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Christadelphians in South Sudan

South Sudan, the hottest country that I have ever visited, is also one of the most promising countries for preaching the gospel. It is not only a new nation but also new to dozens of things including CBM's beliefs and teachings. Many other religions and beliefs which are also new to the nation have sprung up. The CBM also has a chance to plant the seed of true Bible teaching, although we are just at the infant stages now.

We are now in the rainy season where roads in the main town Malakal are almost impassable, although it is much better than before, since some roads are being constructed by one of the Chinese companies. During the dry season it is sometimes so hot that the temperature reaches 47 C (116F) – very hot! The standard of living is quite low while the cost of living is very high. Prices of basic commodities here are triple the price in other East African countries. Schools, hospitals, clinics and churches are just being developed with the help of the UN and the Red Cross. CBM work is based in Malakal (Upper Nile State). We need lots of prayers and help from other neighbouring countries and overseas.

I left Kenya for South Sudan in August 2011 to join Brother Lucas and a Ugandan friend that I had been preaching to who had stayed there for about four years. The first committed friend was Martin Kituyi, Lucas's blood brother. We have for long remained a small number; there are many reasons for this: firstly there is the language barrier, especially for me, who could not understand Arabic, since over 90% of the people I came in contact with could not understand English. The second was the temporary nature of the contract jobs we usually get; and the third was the nature of our faith ... it's unique.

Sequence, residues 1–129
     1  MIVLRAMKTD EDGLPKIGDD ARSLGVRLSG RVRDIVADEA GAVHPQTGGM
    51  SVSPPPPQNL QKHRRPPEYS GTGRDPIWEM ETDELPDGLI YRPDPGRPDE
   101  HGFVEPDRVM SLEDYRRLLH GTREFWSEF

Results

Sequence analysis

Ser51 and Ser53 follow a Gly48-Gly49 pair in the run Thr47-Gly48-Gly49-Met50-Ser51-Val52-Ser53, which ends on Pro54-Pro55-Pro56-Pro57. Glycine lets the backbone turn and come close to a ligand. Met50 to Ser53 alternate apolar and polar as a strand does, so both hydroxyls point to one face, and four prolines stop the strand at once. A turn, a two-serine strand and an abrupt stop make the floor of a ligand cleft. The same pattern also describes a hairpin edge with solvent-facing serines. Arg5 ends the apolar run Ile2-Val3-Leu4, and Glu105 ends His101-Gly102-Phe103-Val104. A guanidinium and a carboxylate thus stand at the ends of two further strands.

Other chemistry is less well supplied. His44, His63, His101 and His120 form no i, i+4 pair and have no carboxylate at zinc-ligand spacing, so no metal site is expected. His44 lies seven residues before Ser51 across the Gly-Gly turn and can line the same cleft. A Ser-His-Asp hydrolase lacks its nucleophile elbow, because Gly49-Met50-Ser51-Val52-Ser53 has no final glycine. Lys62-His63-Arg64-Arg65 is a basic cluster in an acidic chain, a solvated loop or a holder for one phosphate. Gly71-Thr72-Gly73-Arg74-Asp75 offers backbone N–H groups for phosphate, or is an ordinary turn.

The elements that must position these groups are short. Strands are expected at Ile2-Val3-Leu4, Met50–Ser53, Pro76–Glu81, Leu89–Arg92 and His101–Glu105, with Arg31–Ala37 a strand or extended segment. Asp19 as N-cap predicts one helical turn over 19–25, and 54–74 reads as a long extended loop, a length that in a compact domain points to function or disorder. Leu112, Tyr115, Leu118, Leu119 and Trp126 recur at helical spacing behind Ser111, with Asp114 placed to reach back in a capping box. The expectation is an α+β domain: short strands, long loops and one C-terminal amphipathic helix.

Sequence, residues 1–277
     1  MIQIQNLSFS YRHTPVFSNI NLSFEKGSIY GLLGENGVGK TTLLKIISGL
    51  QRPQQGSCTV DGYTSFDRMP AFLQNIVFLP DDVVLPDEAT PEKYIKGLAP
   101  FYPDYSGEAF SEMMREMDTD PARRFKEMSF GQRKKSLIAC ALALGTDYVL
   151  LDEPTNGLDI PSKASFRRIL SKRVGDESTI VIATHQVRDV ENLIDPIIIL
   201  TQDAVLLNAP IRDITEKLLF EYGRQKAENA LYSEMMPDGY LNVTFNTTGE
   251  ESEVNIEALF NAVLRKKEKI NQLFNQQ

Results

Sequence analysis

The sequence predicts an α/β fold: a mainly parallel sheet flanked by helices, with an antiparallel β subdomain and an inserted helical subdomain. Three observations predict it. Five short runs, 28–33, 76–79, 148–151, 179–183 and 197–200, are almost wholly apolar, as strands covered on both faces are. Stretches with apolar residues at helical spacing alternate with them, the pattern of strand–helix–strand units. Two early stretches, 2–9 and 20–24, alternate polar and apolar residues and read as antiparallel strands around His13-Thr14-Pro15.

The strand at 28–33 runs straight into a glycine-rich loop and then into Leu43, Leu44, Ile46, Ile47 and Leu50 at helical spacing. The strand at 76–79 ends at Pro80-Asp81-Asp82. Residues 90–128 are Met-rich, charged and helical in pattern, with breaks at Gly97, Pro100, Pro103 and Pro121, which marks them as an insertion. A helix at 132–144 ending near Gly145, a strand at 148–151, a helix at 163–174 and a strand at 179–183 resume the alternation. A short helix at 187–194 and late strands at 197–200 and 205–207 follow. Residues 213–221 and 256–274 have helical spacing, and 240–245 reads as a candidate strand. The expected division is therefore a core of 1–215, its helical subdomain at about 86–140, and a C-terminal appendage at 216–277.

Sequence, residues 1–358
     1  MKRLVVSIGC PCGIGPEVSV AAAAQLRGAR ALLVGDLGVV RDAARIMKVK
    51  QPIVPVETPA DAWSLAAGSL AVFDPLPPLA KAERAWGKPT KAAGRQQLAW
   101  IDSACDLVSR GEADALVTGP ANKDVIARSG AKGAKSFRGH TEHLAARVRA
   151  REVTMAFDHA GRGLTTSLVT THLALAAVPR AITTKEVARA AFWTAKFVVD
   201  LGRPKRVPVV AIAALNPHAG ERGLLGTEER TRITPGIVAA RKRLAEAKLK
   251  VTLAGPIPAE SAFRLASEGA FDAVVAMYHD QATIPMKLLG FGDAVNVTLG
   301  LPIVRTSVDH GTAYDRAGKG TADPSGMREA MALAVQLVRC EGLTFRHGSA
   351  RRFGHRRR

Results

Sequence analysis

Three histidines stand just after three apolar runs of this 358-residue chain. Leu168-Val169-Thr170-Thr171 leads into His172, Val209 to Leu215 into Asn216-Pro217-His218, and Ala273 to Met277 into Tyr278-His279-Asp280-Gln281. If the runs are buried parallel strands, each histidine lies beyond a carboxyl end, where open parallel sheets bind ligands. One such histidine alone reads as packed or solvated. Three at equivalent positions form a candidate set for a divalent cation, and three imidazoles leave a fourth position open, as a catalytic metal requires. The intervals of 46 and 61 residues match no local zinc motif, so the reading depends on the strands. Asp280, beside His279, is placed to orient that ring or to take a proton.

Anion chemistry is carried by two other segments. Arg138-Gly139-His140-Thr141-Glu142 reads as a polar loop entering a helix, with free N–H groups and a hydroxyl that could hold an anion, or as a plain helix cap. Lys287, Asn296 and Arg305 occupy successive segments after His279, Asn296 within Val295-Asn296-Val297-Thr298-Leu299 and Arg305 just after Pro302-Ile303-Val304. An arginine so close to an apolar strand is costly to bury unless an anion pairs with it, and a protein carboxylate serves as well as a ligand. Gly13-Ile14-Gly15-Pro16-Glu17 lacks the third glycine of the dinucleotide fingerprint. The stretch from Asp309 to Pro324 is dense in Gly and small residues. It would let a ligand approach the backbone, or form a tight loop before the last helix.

This year, however, we have seven South Sudanese, eight Ugandans and six Kenyans. One of these, Masco, has been, is and will still be our great help. He understands English and Arabic as well. Most of the Sudanese students whom we have understand English. They are mostly college students; therefore we usually meet during their free time. We have no specific time and venue since we have no permanent place of meeting. No one is so far baptised because I am not convinced that they have had enough lessons yet. On behalf of CBM South Sudan, we shall be more than happy to have more help in preaching the gospel, and more literature to facilitate the preaching.

The contract I currently have in South Sudan expires in October. I will soon be reluctantly leaving South Sudan for my country to join my church, my wife and my children. Nevertheless, I may have to stay a bit longer with the new students, since I am certain that they will definitely be disappointed when I leave. So, we indeed need help.

Amos K Natembea
from The Bible Missionary, October 2012

Information about South Sudan